How Does A Haas Avocado Compare To A Slimcado?
We all love Haas avocados.
Guacamole is incredibly awesome. So awesome that someone created a twitter account just raving about guacamole, and trend called #holyguacamole.
So when I saw Slimcados at Wegmans my first reaction was "Oh! A different sort of avocado! Let's get two."
The sticker explains that Slimcados have less fat than your regular California avocado. I didn't purchase them for that reason but found it interesting to note.
The concept of a "new kind of avocado" reminded me of "sweet avocados" which I only ever had while I was living in California. The "sweet avocados" had a smooth skin like these over-sized Slimcados, but the sweet ones were regular Haas-sized. The sweet avocados tasted different, but I prefer traditional Haas avocados to the sweet ones.
How do Slimcados match up?
I wanted to make sure I got a good one, so I picked two that appeared very different in appearance.
The dark green one was by far the darkest Slimcado in the entire display. I'm guessing that it may have actually been picked riper, which would imply a better flavor. Since there was also a chance that the dark green one would simply be spoiled, I chose the other one for being fairly light colored in comparison with the others.
I wasn't sure how to tell when a Slimcado was ripe, so I did a quick google search after I got back home to determine when I should eat them.
The internet wasn't very helpful. I found this blog entry where the person obviously opened theirs too soon. I found another blog entry which described the Slimcados as simply "gross." The author writes in conclusion, "The slimcado does not taste good, plain and simple."
After reading those two bad reviews I had to ask myself, "Was it wise to buy two of this unknown low-fat fatty fruit?"
I did some more online digging, trying to find an answer to the question, "Are my Slimcados ripe, or not?" and found some other non-useful pages such as this one, which tells me essentially that most people have not tried them, a rare person on occasion loves them, but most people who try them find them bland.
I crossed my fingers and hoped I would be one of the people who loved them, especially because they're around twice the size of a Haas avocado for the same price.
I finally found a useful review of the Slimcado here: "I won't say watery like some did, it's not, but it's a much thinner consistency. The guac tasted good, but I give more credit to DH's guac skills than it's constituent avocado. I would recommend avoiding the slimcado if you find yourself at the grocery store. The Haas avocado is full of good fats and omega 3 fatty acids and tastes a hell of a lot...more."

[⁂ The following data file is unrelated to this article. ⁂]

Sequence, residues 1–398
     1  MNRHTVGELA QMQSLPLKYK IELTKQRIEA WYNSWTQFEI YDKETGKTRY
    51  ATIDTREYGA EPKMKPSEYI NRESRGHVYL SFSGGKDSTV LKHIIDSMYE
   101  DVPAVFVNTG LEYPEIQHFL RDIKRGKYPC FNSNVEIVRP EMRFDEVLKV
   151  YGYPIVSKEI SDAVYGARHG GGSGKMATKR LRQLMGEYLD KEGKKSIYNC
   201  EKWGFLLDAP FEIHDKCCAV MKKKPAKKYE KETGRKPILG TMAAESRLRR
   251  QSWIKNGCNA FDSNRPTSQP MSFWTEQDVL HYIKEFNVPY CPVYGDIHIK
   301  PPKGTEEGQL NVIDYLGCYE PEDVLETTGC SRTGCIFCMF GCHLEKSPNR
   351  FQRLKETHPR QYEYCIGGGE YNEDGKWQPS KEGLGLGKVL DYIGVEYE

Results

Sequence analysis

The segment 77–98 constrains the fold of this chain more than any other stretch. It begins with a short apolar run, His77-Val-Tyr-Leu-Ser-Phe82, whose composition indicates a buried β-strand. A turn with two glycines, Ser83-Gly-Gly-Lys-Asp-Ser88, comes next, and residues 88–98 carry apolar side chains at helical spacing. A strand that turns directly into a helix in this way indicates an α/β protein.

In another description someone called the slimcado "nuttier" than a Haas.
Are My Slimcados Ripe?
No concrete ripe-ness information seems to be available, so I just "played" it like a regular avocado, waiting for them to be soft, but not so soft that they were squishy.
It turns out that in terms of the way they feel when you squeeze them, you do want them to be just the same as you'd like your commonplace Haas avocado.
Here's what my first one looked like when I opened it:
The skin is much thinner than a Haas, similar to the skin on a sweet avocado. I suspect this large breed of avocado (the "Slimcado") is really a sweet avocado with some water weight.
I'm very suspicious when it comes to trying new things, so I cut off each and every tiny little imperfection, resulting in the bowl full of Slimcado pieces pictured above.
I tasted it plain. Sure enough, watery. It's as though a Haas avocado was blended with water. In fact, that's almost exactly what it's like since a Slimcado has about the same calories as a Haas avocado, just simply less calories per volume since the Slimcado is so much larger. Go figure.
But... It isn't just watery. It's also a shade sweeter. It does have a somewhat different flavor that would not be present if you blended a Haas with water. "Does that slightly sweeter flavor imply it would be better for certain recipes?" I asked myself; The creative raw vegan chef inside me was alive and well.